Western Australia is in the midst of its worst-ever housing crisis: an increasing number of suburbs have rental vacancy rates of 0%, meaning they go as soon as they are advertised.
The West Australian reported on March 19 the case of a woman living in the Peel region, south of Perth, who had to send her children back to live with her abusive husband after she lost her rental. Another was required to pay three months’ rent upfront and $30 per week above the asking price to secure the property for her five children and herself. The property, reportedly, has severe fungal problems but she had no choice — she was escaping domestic violence.
Meanwhile, according to the Australian and New Zealand Journal of Public Health, older women are the fastest growing group to become homeless, with a 31% increase over 2011–2016.
This stems from a number of risks accrued by women over the course of their lifetime, not least the gender pay gap and low levels of superannuation. Add to this, an unaffordable and insecure private rental system and the situation is really grim.
For those living on the street, the situation is bleaker still. More than 100 rough sleepers have died on Perth’s streets since the start of the COVID-19 pandemic. Housing organisations estimate that well over 1000 people are sleeping rough across the city. First Nations people, who make up only 2.2% of WA’s population, make up around 40% of this group.
Efforts by housing activists and the homeless to draw attention to the shocking situation in the last couple of years have been derided by the WA government.
In response to the set-up of a homeless camp of about 100 people in Fremantle in December 2020, Premier Mark McGowan launched an arrogant attack on those helping coordinate food and support for them: he accused “professional activists” of exploiting vulnerable people.
Despite McGowan’s slander, activists’ efforts undoubtedly had an effect.
Last year, his government announced “the single biggest public housing investment in this state’s history”. But a combination of long-term neglect and Labor’s cuts to public housing by 4% or 1300 dwellings just in its last term of office, means this investment won’t go anywhere near meeting the need.
The problem of homelessness goes well beyond those sleeping rough: 17,320 WA households are on the social housing waitlist, more than 9000 without secure housing every night. Of these, 4100 access specialist homelessness services every day and two out of three of their requests for accommodation go unmet. Ninety-eight percent of rentals are not affordable for a person on a minimum wage and 50% of low-income households suffer rental stress.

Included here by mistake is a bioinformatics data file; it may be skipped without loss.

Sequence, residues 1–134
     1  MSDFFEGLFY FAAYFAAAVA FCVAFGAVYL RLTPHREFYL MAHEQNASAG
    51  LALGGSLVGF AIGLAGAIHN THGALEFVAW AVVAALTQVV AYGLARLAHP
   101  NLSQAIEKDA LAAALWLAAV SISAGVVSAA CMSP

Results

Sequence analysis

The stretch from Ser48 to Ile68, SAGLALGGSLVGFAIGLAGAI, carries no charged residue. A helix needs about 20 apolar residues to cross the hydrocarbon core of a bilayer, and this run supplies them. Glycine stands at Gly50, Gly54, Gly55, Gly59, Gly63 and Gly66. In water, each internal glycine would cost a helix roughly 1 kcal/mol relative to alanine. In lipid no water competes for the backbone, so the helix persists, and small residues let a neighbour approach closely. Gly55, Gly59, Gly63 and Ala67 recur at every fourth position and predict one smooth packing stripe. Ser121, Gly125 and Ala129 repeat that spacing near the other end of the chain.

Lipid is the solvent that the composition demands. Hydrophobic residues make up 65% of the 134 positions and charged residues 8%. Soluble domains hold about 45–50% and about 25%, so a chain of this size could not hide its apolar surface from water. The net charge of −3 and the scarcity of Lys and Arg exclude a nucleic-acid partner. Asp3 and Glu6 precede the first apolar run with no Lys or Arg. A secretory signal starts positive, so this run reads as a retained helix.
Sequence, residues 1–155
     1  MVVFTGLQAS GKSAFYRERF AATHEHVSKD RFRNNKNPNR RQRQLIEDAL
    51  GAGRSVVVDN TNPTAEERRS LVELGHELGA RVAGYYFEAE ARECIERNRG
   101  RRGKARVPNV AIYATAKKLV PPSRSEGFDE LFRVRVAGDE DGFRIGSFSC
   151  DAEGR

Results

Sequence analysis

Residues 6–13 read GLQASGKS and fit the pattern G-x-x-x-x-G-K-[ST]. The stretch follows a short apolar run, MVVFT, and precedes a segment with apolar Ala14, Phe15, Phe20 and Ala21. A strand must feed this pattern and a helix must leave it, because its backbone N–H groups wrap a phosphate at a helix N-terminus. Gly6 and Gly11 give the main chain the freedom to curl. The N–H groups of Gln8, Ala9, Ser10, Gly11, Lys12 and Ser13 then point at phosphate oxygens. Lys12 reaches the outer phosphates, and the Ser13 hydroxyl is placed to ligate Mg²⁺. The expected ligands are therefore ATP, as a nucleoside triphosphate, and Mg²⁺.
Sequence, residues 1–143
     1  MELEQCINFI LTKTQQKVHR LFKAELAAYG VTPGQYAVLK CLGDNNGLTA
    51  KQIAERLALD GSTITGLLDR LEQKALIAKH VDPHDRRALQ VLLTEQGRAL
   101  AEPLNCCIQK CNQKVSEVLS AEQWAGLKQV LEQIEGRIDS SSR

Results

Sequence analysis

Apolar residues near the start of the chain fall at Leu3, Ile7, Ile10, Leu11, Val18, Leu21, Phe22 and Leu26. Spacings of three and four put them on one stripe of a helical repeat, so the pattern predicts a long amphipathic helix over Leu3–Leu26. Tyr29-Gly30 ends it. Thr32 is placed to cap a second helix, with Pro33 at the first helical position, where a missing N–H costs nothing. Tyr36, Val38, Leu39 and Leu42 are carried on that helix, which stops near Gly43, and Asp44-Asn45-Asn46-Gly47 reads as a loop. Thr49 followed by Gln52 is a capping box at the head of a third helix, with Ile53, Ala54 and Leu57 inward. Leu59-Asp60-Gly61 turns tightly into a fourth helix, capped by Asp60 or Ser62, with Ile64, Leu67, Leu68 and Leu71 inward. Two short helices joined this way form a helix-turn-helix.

Of course, the housing crisis is a national problem. The federal government tries to blow it off by claiming that housing is a state government responsibility.
However, previous federal governments have taken some significant initiatives. Kevin Rudd’s Labor government introduced the National Rental Affordability Scheme in 2008, which aimed to increase the supply of new and affordable rental dwellings by providing an annual financial incentive to property owners for up to 10 years.
This created affordable rentals at 20% below the market rate for low and middle-income earners. The scheme provided 22,000 properties nationwide but was axed by Coalition Prime Minister Tony Abbott in 2014 and closed to new entrants. As the 10 years have come to an end, investors are upping their rents to market value and thousands more will become homeless.
In an election year and when homelessness is at an all-time high, we urgently need a national response.
The federal government needs a national strategy that seeks to massively increase the stock of public housing. This would go a long way to dealing with a host of other social concerns including women escaping domestic violence, child protection, mental and physical health and drug and alcohol addiction.
A bigger chunk of WA’s $5.6 billion surplus last year, in combination with the federal government’s $100 billion earmarked for nuclear-powered submarines, could go a long way to resolving homelessness and housing insecurity.
We need to re-win the idea that, like healthcare and education, ensuring access to dignified affordable housing is a basic obligation of government. Green Left believes housing is a human right and should be guaranteed for all. If you agree, become a supporter and chuck in a donation — small or big — to our $200,000 Fighting Fund.